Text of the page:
Posts Tagged ‘rhetoric and truth’

[other days I’m just a libertine….]

The following may exhibit some philosophical inconsistencies, which will be a shame, since it’s partly inconsistency that I’m irritated about. I plead having a sinus infection as my reason for being a little flakey.  Heaven only knows what the bedrock excuse the folks in Washington and Wall Street have for their choices….

One of the traditional questions rhetoricians get asked is about the status of Truth or Reality. Is it all just persuasion?  Why are bandwagon arguments considered fallacies if, in practice, that’s how a lot of things get decided?  This week gave me two really great examples of where Reality [or “Nature”] intrudes on the best-made arguments of human beings: the milk-melamine scandal in China, and the apparent meltdown in the US financial markets.

In the first case, we have a variety of social agreements:  demand for milk products in China have gone up as parents decide breastfeeding is backward or inconvenient, and the profit motive leads some people to ‘stretch’ their supply of dairy material with water, and then boost the protein content back up with a substance that — according to the currently accepted measures — scans as protein.  However, that chemical analysis is not as sensitive — or accurate — as the biological analysis done by a human baby.  All the arguments in the world about how “This milk-like substance should be accepted as a genuine form of nutrition” fail in the face of actual metabolism.

In the second case, it seems to me that what failed was the social agreement: the sub-prime mortgage market always puzzled me [and yes, I have a relative who was in that business; he’s been out of work for quite a while].  Person X is a bad credit risk. So we’ll make him pay three times what someone with good credit would pay for a loan.  While I understand the punishment aspect of that higher rate, what I don’t understand is how anyone thought this arrangement would magically make Person X into the sort of person who paid their bills in full and on time.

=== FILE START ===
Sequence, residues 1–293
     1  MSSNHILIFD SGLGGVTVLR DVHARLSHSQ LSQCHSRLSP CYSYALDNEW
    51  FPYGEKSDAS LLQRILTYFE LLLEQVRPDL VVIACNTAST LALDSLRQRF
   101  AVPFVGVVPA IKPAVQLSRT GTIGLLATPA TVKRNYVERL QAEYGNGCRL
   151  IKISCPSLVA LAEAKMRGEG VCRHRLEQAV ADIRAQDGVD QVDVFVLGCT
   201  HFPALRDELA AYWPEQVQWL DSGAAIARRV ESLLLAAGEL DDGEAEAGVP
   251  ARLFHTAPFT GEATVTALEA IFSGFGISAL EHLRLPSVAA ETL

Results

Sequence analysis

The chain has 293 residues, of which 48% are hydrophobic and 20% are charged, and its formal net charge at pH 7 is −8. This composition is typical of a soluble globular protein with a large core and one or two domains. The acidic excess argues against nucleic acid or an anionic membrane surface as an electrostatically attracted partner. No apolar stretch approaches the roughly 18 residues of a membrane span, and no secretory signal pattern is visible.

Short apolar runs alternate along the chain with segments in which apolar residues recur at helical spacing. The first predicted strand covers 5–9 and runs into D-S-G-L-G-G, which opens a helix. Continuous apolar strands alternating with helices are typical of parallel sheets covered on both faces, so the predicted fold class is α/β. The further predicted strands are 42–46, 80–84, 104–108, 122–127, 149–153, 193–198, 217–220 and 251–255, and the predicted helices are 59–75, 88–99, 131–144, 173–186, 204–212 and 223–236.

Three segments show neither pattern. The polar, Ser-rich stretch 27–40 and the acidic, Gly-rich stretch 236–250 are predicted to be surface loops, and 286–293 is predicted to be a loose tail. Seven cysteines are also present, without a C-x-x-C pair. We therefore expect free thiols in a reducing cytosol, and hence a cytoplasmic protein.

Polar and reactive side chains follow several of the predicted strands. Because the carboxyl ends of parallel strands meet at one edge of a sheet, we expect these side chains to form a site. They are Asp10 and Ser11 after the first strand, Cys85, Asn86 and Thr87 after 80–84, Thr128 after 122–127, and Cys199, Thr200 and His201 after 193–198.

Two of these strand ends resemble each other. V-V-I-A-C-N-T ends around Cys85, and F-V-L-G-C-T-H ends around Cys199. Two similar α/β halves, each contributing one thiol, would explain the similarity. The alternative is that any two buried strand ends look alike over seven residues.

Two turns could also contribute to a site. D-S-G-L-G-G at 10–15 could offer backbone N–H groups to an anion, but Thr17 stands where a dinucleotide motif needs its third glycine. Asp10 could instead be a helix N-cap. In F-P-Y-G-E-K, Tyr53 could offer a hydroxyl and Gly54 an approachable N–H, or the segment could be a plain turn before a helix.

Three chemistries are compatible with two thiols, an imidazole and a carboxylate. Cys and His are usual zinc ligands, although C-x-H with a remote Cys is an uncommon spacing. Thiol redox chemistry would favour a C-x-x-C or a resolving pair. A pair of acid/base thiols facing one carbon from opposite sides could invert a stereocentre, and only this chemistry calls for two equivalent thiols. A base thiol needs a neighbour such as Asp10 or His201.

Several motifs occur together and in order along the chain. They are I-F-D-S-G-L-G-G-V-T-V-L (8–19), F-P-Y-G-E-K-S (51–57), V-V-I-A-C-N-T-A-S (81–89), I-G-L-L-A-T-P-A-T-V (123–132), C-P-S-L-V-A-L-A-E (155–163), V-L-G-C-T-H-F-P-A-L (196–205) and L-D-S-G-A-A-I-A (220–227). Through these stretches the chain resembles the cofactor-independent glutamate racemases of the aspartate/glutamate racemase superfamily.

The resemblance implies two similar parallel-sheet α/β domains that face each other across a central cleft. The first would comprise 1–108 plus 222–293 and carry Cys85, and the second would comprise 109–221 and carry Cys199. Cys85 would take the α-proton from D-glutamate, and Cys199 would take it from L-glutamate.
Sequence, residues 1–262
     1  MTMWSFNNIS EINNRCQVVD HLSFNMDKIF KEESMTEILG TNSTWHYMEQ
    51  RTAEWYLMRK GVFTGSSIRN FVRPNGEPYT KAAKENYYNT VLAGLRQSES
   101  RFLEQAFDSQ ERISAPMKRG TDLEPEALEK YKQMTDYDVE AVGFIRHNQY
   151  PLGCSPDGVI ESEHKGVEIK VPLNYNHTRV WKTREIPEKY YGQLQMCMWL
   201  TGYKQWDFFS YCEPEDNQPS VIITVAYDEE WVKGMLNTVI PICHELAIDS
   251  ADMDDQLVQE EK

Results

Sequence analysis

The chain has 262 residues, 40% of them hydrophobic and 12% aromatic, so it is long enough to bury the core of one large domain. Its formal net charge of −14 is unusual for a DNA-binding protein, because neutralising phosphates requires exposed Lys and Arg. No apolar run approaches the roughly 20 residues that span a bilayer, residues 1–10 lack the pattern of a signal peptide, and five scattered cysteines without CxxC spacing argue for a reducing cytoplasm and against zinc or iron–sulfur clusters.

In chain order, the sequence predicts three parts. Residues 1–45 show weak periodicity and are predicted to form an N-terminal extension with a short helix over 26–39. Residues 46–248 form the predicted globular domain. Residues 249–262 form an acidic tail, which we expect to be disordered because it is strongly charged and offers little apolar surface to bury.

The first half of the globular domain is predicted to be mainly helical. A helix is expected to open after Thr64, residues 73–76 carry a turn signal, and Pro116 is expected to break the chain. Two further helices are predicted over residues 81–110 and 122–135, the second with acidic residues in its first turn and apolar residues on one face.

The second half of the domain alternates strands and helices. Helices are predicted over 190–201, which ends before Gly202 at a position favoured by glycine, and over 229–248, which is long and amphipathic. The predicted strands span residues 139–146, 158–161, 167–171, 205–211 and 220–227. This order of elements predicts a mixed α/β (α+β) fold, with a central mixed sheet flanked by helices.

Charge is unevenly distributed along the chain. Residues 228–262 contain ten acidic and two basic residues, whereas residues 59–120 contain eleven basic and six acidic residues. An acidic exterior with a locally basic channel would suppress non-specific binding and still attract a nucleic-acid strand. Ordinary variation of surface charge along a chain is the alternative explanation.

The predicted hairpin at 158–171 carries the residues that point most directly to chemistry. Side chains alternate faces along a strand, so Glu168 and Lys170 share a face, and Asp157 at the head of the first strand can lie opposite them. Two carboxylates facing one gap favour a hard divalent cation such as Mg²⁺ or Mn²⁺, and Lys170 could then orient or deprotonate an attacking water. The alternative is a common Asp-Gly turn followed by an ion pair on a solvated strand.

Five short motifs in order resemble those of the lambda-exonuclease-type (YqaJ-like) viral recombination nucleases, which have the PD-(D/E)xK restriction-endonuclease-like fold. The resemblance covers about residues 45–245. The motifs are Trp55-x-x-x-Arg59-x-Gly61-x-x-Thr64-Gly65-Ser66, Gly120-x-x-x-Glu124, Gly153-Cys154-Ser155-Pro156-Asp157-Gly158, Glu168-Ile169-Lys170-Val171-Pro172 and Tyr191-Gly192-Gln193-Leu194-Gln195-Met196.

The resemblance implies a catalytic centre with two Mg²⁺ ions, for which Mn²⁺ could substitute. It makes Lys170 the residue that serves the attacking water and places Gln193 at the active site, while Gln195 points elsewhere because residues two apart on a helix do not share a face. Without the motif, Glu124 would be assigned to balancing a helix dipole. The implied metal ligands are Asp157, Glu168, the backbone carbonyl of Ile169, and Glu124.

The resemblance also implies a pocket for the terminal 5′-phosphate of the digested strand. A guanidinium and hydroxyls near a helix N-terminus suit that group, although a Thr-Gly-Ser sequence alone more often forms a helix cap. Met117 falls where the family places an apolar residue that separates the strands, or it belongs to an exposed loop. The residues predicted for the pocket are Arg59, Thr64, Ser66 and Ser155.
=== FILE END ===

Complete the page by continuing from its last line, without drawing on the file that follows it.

Oh, someone says, in that case, we’d just take the asset back, and everything would be fine.

No, that can’t be right — you were counting on principle and a whole mess of interest; just getting the worth of the house itself wouldn’t be sufficiently profitable.

You’re forgetting that by the time Person X defaults, that house is supposed to be worth, like, twice as much, so we do get our expected return on the deal.

Hmmn. How’s that double-your-money plan working for you these days?

I do not wish to talk about it.

But, of course, the banks were behaving like the folks who want to cash out their lottery annuities — rather than wait to get paid over the time period of the loan, they were selling the loans, and then bits of the loans to two friends, and they sold bits to two friends, and there’s a whole 1970’s shampoo commercial in here, isn’t there?

Eventually, people realize that they can’t tell whether they’ve got a bit of loan that has a reliable payback attached to it, or they’ve got a bit of loan that contains scrapple.  [Or haggis, for that matter.  An offal sitution, however you look at it].

So now everyone is scrambling to find where the Reality is underneath all the layers of lipstick.

Whatever happened to ‘making money the old-fashioned way’?  When someone could be called a captain of industry because they had invested in a company that had a physical product, as opposed to IOUs?

Further, why is it economically wrong to help my brother out of a series of bad financial decisions, but it is ‘okay’ to buy up lots of worthless paper so that the wizards of Wall Street get their mojo back?

Maybe they forfeited their mojo when they even started thinking that the government should take over the means of [wealth] production…..

I don’t feel especially obligated to give it back to them, just because they’ve decided that free markets really means freedom to do what they want, as opposed to a system they are willing to follow through the fire.

Burn, baby burn!

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